Wallace drilled down on whether there's ever been another instance of a president not getting money from Congress and then declaring a national emergency to allow the diversion of federal funding.

“Answer my question,” Wallace insisted after Miller didn't provide a definitive response. “Can you name one case where a president has asked Congress for money, Congress has refused, and the president has then invoked national powers to get the money anyway? …yes or no, sir.”

“The premise of the question is also false,” Miller finally replied.

During his defense of the president, Miller also took a hard jab at former President George W. Bush for choosing “to ignore this crisis” at the border.

Let's start with …border crossings in the year 2000.,” Miller argued. “As you know, George Bush came into office, illegal immigration doubled from 6 million to 12 million by the time he left office. That represented an astonishing betrayal of the American people.”

Source: NewsMax Politics

Dershowitz Says Trump Emergency Goes Against Constitution

Attorney Alan Dershowitz thinks President Donald Trump's national emergency declaration was a "mistake," he admitted in a new interview.

"There will be a lawsuit. No doubt about it. It will be tied up in the courts for a long time," Dershowitz said on Sunday's "The Cats Roundtable" radio radio show, hosted by billionaire businessman John Catsimatidis.

"My own view is that it was a mistake to do it. I think emergencies are things that happened suddenly. The problems with immigration are long-term."

Trump declared the emergency on Friday in order to secure more funding to build a border barrier between the United States and Mexico. Lawmakers struck a deal to stave off a government shutdown by allocating $1.375 billion for the barrier, far less than the $5.7 billion Trump requested.

Trump's emergency order resulted in roughly $6 billion from the Pentagon's budget and $600 million from the Treasury Department being shifted over to use for the border barrier, Bloomberg reported. Dershowitz said the executive order flies in the face of the Constitution.

"The Constitution requires that all spending bills originate in the House of Representatives. This is a way of circumventing that provision of the Constitution," he said.

Source: NewsMax Politics

With Nauert Out, Who Now For UN Ambassador?

The stunning news Saturday night that Heather Nauert has withdrawn as the President’s choice for ambassador to the United Nations immediately triggered speculation on who the President would tap to represent the US in the international forum.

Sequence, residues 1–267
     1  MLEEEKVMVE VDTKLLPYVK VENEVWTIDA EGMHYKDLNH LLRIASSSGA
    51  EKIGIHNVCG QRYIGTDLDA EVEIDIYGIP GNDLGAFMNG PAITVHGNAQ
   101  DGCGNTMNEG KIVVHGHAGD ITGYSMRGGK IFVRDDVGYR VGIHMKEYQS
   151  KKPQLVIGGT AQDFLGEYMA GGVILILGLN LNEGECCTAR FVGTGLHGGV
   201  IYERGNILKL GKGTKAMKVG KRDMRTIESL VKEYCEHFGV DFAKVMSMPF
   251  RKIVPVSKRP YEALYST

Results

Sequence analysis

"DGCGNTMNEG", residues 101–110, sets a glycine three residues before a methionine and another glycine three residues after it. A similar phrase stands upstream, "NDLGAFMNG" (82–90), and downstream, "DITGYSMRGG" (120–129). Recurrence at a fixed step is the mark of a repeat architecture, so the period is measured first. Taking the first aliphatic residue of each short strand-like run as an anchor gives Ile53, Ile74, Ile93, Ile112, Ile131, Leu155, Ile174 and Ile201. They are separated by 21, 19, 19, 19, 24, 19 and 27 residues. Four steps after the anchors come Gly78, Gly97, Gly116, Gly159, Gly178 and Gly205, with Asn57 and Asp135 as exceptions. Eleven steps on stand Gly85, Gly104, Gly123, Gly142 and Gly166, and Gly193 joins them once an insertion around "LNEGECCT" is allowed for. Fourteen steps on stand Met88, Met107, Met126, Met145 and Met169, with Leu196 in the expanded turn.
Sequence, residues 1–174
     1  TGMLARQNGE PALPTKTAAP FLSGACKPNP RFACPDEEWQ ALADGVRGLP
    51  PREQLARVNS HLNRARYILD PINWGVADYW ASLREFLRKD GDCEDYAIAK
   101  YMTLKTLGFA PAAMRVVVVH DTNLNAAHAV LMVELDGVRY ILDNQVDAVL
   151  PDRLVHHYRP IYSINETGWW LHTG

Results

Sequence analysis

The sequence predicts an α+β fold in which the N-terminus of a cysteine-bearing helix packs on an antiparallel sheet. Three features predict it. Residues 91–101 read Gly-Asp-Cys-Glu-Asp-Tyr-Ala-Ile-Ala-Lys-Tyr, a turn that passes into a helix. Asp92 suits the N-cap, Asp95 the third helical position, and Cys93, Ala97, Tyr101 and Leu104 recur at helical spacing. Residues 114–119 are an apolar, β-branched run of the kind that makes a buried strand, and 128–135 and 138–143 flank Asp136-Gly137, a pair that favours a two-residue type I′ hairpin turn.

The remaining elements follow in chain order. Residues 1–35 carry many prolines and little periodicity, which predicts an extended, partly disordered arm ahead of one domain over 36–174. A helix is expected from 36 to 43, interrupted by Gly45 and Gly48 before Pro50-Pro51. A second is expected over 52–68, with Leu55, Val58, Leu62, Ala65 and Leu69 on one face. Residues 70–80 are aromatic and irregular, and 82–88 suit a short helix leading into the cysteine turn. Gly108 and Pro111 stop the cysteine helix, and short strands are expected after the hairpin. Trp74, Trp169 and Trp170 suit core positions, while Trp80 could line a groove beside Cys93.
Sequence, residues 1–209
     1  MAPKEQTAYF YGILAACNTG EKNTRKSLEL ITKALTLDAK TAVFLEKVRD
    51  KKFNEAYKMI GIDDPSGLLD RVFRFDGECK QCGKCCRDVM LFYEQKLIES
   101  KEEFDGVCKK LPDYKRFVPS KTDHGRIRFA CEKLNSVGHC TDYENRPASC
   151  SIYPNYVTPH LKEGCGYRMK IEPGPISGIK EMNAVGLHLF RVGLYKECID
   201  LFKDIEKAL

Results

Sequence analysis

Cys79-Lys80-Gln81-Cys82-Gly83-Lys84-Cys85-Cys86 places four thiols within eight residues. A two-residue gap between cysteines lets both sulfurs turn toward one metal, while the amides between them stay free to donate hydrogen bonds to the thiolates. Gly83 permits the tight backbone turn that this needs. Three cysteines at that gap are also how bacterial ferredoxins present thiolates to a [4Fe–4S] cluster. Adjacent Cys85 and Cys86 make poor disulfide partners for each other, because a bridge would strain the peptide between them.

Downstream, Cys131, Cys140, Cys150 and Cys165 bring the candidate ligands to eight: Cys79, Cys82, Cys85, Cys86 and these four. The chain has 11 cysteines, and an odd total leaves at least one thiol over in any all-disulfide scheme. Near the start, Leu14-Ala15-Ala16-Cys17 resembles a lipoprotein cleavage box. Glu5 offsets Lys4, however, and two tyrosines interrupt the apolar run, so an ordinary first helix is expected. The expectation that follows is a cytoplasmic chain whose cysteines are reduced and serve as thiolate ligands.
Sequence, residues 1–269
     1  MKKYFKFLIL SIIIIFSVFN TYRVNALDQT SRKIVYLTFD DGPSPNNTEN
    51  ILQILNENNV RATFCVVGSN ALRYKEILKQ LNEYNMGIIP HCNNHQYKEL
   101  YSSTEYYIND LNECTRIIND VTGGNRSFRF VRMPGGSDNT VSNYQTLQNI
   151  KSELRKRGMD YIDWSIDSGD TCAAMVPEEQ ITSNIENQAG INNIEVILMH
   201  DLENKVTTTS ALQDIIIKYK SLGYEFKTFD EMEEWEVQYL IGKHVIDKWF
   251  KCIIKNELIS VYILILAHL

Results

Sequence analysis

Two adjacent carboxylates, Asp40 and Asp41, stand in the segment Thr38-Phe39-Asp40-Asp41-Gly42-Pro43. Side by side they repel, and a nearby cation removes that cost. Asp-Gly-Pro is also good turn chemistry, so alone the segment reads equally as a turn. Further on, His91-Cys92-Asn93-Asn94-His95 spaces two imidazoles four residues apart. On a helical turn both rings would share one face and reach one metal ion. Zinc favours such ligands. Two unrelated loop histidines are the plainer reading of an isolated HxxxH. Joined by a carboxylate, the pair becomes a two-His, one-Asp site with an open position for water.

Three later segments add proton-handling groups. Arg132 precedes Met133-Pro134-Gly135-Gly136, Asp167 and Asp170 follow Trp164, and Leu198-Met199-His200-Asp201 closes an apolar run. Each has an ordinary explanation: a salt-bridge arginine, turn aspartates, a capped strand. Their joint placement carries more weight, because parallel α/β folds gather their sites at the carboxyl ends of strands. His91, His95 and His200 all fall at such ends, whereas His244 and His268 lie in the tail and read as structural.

In effect, the Administration — and the press — were back to where they were in October of last year when then-Ambassador Nikki Haley announced her resignation from the U.N. post.

Among those mentioned for the job at the time were Nauert, then undersecretary and top spokeswoman at the U.S. State Department; Richard Grennell, U.S. ambassador to Germany and a top spokesman for three former U.N. ambassadors; and Kevin Moley, assistant secretary of state for International Organizations and formerly head of a private nonprofit group to feed the hungry known as Project Concern, International.

With Nauert gone, both Moley and Grennell were the subject of immediate speculation for the U.N.. Whether either wanted to leave their present positions is unclear at this time.

Also discussed for the position is former Sen. Kelley Ayotte, R.-N.H. who lost a “squeaker” for re-election in 2016. Ayotte has since won high marks from the White House for helping to shepherd the nomination of Justice Neil Gorsuch to the Supreme Court.

One fresh and intriguing prospect just starting to be discussed for the U.N. slot is Fiona Hill, special Assistant to the President and Senior Director for European and Russian Affairs on his National Security Council staff. Hill, a highly-rated Kremlinologist who has written three much-praised books on Russian politics.

Still another name mentioned is that of former Rep. Luke Messer, R-Ind,who lost a three-way primary for the U.S. Senate nomination in the Hoosier State. Messer, who served on the House Foreign Affairs Committee and chaired the House Republican Policy Committee, would likely have the strong support of his close friend Vice President Mike Pence.

In naming Ayotte or Messer, Trump would continue the past tradition of Republican presidents to nominate defeated candidates for office to the U.N. ambassadorship and thus give them a chance to stay in public life and move on to greater things. In 1952, President Eisenhower named to the U.N. Henry Cabot Lodge, who had just lost re-election to his Senate seat in Massachusetts to John Kennedy and in 1970, President Nixon tapped George H.W. Bush to the U.N. after the former Texas congressman lost a Senate race.

Both Lodge and Bush ended up on GOP national tickets.

John Gizzi is chief political columnist and White House correspondent for Newsmax. For more of his reports, Go Here Now.

Source: NewsMax Politics